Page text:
November 27, 2018

Following the retail events of Black Friday,
Small Business Saturday, and Cyber Monday, #GivingTuesday provides an opportunity for people around the world to support what matters most to
them and share that support with their social media networks.

Please consider making a donation on November 27 to empower stroke survivors and their families to overcome the challenges of life after stroke.

Busy that day? Click here to make a gift now!

From all of us at the American Stroke Foundation thank you for your support on #GivingTuesday and every single day you help to enable our mission.
Should I apply for Social Security Disability Insurance?

by Jane Henderson, ASF Stroke Survivor Navigation Program

American Stroke Foundation does not endorse Allsup Company, or any other benefit company. This information is provided to you for educational purposes only.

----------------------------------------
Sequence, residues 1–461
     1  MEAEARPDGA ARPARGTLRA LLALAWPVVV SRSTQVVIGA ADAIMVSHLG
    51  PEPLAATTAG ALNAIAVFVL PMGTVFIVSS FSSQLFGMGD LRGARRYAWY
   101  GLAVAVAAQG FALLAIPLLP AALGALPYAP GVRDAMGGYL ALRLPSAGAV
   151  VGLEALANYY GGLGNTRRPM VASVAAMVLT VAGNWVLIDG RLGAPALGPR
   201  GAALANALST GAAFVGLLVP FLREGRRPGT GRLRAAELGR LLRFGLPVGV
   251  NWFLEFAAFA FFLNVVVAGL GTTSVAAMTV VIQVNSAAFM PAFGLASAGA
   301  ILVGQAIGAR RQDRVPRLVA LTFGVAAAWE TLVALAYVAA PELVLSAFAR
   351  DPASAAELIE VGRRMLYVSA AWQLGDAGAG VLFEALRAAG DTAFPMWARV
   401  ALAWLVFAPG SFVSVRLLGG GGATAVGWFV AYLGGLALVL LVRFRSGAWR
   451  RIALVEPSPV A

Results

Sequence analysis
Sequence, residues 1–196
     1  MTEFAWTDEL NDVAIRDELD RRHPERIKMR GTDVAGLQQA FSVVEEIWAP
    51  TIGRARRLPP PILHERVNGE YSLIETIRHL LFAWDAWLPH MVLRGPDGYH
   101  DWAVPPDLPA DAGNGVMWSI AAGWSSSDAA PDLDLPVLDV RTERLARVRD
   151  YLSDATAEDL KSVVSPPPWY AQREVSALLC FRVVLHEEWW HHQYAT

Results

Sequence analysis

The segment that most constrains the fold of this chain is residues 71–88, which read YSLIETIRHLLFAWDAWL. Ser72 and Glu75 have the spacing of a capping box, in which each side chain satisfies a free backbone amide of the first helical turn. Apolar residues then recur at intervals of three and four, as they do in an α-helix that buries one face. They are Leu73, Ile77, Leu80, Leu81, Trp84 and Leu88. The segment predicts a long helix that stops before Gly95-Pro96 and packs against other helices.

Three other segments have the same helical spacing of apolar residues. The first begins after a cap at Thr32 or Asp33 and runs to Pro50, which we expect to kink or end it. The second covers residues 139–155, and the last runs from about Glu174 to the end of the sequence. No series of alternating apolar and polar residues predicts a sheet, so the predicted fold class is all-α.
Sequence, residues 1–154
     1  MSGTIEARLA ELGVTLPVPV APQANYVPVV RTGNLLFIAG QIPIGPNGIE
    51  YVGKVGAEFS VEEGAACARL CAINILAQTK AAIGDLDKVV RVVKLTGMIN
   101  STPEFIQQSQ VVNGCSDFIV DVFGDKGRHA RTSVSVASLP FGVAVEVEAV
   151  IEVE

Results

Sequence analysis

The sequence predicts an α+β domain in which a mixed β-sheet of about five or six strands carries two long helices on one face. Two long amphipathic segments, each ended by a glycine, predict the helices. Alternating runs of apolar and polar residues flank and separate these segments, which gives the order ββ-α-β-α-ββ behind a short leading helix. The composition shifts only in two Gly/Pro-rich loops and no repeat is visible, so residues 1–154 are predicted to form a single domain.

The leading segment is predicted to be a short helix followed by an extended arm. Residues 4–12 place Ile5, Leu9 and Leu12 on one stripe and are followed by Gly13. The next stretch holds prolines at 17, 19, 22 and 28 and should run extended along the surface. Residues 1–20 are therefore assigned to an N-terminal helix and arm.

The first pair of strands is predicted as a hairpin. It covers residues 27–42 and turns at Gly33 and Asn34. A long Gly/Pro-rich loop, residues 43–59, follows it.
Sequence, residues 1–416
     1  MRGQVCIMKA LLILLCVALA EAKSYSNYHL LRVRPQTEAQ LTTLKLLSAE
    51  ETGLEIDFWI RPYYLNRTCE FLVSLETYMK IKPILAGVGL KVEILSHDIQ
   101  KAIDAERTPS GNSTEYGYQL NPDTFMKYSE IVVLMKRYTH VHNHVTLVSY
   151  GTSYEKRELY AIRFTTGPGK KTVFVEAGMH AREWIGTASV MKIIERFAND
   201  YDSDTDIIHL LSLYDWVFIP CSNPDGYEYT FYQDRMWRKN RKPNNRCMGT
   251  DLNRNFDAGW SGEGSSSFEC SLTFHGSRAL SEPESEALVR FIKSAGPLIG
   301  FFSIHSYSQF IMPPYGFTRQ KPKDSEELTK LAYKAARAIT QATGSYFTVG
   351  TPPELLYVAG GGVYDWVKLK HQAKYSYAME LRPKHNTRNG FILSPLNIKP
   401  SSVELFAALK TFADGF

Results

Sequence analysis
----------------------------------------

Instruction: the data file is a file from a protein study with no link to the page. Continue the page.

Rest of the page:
If you are a working adult who has had a stroke, someone has probably suggested you apply for disability through the federal Social Security Administration. After all, if you have paid taxes from your wages and you meet certain criteria, they reason, you may qualify for this benefit.

Making that decision can be a rough task: you have to change your thinking about who you are and what you can do. You have to listen to your doctors when they talk about how long you might be unable to work and whether you can return to work.

There are many attorneys and companies who claim to be able to help you through the process of applying for disability. Just looking on the internet can make you dizzy with alternatives! 

Stroke Education Series

The American Stroke Foundation and The University of Kansas Health System partner to provide a stroke education speaker series as part of the ASF Next Step Program.

Wednesday, November 14, 11 am - noon
Keep Your Blood Sugar on the Straight Path
Whitney Dunn, RD

Wednesday, December 5, 11 am - noon
Keeping Your Heart in Rhythm
Rhea Pimentel, MD

Classes meet at:
Sylvester Powell Jr. Community Center, Room B 
6200 Martway St, Mission, KS

The Stroke Education Series is free and open to the public. Click  here to reserve your space today!